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There was a rather convincing woman interviewed on one of AC Clarke's shows. She claimed that as a child she had seen a circle form in the field right in front of her. She reported hearing a buzzing, electric noise, and this was followed by the sudden formation of a circular impression, about ten meters across IIRC, in the field of grass. She said that it formed all at once as if someone had set down a large, invisible plate.
PIT2
#14
Jun4-05, 02:00 PM
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There is a guy in Holland who says he sometimes gets attracted towards a field of crops, walks into it, sees a ball of light and goes unconscious. He then wakes up inside a cropcircle. So far there have appeared around 60 circles in the area place.

Nancy Talbot from BLT research went to investigate and witnessed the forming of a cropcircle by 'tubes of light':

http://www.bltresearch.com/eyewitness1.html

The guy actually also videotaped some of these balls of light from his balcony:

http://www.ufoplaza.nl/~ganzegal/vid/BoLHoeven.RM

The balls dont just appear near crops, they go whereever the guy goes. His family thought he was crazy at first, untill his sister one night also saw many balls of light appear which scorched a window. His parents have since then also witnessed the events. The guy also sees a whole range of other paranormal phenomena and as a kid saw 'shadows' flowing down his bedroom walls. He has also taken pictures of a 'grey' materialising in his house. A TV crew that went to investigate also took pictures of this thing. All these pics look fake and 2D though, but who knows.
wolram
#15
Jun5-05, 10:03 AM
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Thanks guys

I have been looking for, "events", in my area, the nearest i could find was in
oxfordshire about 40 miles from me, do you know if "locality", is a factor, ie
loads of circles in one area but none in an adjacent one?
What about soil types? my area is mostly lias clay and AFAIK no reported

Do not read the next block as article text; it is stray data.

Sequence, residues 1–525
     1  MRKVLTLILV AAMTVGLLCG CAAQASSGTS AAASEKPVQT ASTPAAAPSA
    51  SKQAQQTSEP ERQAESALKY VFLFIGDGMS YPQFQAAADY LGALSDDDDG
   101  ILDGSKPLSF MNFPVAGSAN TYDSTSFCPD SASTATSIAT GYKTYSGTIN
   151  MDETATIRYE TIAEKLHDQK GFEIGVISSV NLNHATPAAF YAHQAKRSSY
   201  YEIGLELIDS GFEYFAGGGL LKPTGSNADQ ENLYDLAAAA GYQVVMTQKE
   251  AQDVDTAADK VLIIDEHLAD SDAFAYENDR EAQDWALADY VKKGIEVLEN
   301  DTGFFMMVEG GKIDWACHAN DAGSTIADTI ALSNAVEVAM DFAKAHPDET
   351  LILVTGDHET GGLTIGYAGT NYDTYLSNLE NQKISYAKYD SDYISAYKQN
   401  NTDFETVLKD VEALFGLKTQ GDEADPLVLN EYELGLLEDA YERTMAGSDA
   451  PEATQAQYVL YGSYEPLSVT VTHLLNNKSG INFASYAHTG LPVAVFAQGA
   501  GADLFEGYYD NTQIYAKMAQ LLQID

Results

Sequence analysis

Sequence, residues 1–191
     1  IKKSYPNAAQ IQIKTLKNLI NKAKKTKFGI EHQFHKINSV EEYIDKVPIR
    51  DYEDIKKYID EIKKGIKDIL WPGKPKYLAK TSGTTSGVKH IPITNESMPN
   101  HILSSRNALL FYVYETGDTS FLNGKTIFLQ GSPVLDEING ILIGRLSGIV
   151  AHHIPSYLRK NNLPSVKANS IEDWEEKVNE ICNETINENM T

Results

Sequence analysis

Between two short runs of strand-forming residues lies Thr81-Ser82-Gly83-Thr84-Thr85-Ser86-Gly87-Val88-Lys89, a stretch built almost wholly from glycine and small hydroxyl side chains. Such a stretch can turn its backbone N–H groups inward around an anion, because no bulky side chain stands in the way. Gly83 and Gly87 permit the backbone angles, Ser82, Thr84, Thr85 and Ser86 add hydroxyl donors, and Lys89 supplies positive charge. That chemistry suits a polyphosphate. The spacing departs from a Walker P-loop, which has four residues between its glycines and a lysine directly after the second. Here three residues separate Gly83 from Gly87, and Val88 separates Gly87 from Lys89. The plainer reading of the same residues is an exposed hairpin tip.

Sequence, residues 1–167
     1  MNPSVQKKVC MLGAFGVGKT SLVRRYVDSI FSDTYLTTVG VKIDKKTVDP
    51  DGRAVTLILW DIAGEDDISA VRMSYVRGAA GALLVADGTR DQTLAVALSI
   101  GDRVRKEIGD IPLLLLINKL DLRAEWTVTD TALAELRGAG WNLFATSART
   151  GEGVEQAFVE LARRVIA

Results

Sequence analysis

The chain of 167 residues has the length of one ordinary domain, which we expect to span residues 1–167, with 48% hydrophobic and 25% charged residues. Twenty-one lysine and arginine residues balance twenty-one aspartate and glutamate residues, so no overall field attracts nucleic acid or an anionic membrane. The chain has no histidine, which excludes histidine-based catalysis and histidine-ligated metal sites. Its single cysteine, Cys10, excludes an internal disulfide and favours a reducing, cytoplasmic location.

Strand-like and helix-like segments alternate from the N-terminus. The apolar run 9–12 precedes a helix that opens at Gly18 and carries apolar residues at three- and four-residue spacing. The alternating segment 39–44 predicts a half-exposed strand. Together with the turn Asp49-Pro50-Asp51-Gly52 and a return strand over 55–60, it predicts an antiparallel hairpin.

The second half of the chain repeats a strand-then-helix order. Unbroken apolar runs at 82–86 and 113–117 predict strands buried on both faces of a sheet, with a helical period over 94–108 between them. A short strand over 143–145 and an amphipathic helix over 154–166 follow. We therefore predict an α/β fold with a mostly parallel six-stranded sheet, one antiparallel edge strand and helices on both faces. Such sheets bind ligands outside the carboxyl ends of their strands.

circles.
The only unusual event i can find for this area is, a post wind mill was nocked
down and several trees uprooted by a "tornado", many years ago.
PIT2
#17
Jun6-05, 12:38 AM
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There can obviously be more explanations than aliens or humans.
For instance, rainbows arent made by aliens, should we then conclude that they are made by humans?

Here are some balls of light that were captured by a BBC camera crew:
http://www.ufoplaza.nl/~ganzegal/vid/bbcufo.rm
Ivan Seeking
#18
Jun6-05, 01:53 AM
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I think its important to be clear on what we mean. There are certainly many hoaxes; probably all of the complex designs IMO. I find it very unlikely that any naturally occurring phenomenon could produce any of the complex artwork passed off as crop circles. But, it seems unrealistic to argue that strong wind vortices could not produce circular of donut shaped impressions in a field of grass or wheat. We know that it can. The real question is whether or not EM is or could somehow be present when this happens - as part of some more exotic animal like ball lightning, which might correlate to some crop circle formations. Ball lightning is now considered real by most meteorologists and atmospheric scientists.